California's Home Performance Data Drought
Every energy upgraded home has data. But it’s the story behind the data that gives it meaning.
Stories like Mark and Jane’s who sold their home in Carmel, California fixer upper with a couple acres in Grass Valley so they could pursue their micro-farm dream in their retirement. With extensive energy upgrades in the attic and to their crawl and mechanical systems, they reduced consumption by 56%.
Then, a year later, they added enough solar to make the home net zero. But to them, the most remarkable benefits of the upgrades are Mark’s health improvements. For 75 years, Mark suffered from asthma but he’s been off medication for over two years now for the first time in his life.
Data is vital to every industry. Home performance has started to collect data and its reservoirs are filling but many stakeholders like real estate agents and appraisers are still in a data drought.
Real estate professionals are an essential group that could help drive demand if they had access to home performance data. Thousands of homeowners and builders have invested in energy upgrades but have been frustrated by agents, appraisers, and lenders because too often, they have not recognized added value for the upgrades. This has been a detriment to market uptake. Consumers need the certainty that these investments will pay off.
In this case, who is hearing Mark and Jane’s story? What’s working in their house that other homes don’t have? What specific upgrades were installed?
Home performance experts often track and analyze their own data in pursuit of excellence—as a way to learn from successes and mistakes. But many more could track their data if they had a tool to make it fast and easy.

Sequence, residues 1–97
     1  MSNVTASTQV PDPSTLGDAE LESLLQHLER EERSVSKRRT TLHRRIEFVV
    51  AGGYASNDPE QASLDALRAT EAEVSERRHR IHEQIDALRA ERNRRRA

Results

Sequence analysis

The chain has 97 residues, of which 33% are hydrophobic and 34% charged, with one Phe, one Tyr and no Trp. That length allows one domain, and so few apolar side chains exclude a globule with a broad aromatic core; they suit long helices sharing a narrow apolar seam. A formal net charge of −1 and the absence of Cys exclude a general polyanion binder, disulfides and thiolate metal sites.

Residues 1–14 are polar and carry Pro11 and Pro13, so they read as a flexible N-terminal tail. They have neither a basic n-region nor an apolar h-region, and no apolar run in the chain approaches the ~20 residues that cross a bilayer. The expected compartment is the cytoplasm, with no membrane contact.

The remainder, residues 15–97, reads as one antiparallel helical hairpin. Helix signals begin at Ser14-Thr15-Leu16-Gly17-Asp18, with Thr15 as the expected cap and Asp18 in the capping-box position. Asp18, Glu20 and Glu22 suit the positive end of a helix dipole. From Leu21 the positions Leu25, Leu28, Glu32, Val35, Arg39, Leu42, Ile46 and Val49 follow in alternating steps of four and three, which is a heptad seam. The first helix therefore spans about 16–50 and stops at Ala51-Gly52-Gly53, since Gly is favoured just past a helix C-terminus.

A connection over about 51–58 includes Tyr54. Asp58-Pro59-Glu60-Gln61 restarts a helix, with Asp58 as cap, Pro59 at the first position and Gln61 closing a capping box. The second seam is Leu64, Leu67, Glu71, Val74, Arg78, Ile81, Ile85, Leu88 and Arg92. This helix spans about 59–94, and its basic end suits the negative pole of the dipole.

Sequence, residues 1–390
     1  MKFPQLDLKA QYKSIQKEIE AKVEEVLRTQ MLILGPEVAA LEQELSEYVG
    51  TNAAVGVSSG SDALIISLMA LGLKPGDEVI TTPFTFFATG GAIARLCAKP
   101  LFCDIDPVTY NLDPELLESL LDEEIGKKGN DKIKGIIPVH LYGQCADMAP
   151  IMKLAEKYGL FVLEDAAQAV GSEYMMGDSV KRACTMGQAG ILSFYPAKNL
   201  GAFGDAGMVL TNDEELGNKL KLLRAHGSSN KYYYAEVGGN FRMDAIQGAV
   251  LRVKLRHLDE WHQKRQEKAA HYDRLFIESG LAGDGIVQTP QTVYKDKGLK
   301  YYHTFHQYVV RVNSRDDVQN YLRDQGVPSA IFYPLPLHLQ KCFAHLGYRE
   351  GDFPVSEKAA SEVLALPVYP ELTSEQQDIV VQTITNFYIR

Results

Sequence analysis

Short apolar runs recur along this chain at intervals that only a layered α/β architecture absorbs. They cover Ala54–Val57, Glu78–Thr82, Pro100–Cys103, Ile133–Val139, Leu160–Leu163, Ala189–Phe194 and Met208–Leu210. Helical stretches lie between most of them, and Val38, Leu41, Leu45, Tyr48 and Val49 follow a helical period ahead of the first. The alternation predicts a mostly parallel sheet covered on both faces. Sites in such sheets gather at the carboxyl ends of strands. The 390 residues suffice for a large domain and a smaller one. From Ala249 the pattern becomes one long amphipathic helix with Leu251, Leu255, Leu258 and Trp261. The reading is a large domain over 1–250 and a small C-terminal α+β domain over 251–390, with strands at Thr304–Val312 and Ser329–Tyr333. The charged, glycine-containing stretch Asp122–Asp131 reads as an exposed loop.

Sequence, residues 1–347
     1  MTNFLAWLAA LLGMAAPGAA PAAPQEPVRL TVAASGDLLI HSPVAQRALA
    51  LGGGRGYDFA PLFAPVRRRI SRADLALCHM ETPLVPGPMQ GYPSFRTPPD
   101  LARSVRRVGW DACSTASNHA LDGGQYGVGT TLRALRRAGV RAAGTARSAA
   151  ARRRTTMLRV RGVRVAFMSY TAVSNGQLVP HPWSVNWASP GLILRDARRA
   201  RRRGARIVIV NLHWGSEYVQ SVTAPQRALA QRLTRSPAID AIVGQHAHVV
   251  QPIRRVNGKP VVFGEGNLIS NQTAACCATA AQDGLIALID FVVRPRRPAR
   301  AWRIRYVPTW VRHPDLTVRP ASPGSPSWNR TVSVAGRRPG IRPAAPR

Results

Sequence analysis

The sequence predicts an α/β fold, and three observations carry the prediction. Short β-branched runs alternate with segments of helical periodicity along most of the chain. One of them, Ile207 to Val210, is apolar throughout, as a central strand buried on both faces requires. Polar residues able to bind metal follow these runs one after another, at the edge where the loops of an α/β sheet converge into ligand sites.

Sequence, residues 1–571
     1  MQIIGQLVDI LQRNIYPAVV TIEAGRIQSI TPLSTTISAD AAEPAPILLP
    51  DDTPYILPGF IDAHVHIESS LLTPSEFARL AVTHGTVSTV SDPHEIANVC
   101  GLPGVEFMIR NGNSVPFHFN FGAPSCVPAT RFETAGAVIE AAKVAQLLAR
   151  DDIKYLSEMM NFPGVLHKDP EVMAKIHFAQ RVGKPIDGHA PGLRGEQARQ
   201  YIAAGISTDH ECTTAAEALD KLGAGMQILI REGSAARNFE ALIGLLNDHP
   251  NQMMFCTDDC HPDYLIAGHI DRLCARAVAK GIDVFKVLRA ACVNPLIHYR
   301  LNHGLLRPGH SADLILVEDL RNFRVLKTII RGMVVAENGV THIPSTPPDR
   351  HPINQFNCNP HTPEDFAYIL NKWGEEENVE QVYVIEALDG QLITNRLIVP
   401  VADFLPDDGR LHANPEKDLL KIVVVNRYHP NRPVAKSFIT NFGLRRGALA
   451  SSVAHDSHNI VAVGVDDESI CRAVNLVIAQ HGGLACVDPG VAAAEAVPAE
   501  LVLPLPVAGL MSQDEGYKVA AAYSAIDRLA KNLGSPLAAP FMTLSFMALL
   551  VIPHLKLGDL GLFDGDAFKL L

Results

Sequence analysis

A New Mobile Data Tool
AjO is a new mobile data tool that equips contractors with the ability to quickly and easily manage their project data while on site. Its hallmark product is a one-page report for homeowners. Unlike a rating or label, AjO’s One Page Report (pictured below) is a concise list of the installed energy upgrades. This condensed summary of the work scope is helpful for homeowners, and informs real estate agents and appraisers in their value estimates. AjO is designed to help contractors first, but facilitates data accessibility to real estate professionals and data exchanges who need it to drive demand—much like two more California projects currently being developed.
Soon to be launched, the Home Energy Propensity Map, a Center for Sustainable Energy project, is an interactive map of homes with energy upgrades and/or solar. Not only does it illustrate market activity, but will also connect viewers, via hyperlinks, to project data such as AjO reports, which will raise visibility of these home performance experts and their stories.
Another resource soon to be introduced to the California real estate market is the Green Home Registry. This registry will connect data on energy upgraded homes to the MLS, increasing accessibility and utility to real estate professionals.
These, together with AjO, address home performance data accessibility and value. They are part of the new home performance data network infrastructure we’ve needed for so long.
AjO’s pilot is currently underway as part of Energy Upgrade CA’s outreach to contractors. You can participate here.
Debra Little is a home performance and valuation specialist. You can contact her at DL@AjOhp.org.
Enter your comments in the box below:
(Please note that all blog entries and comments are subject to review prior to posting.)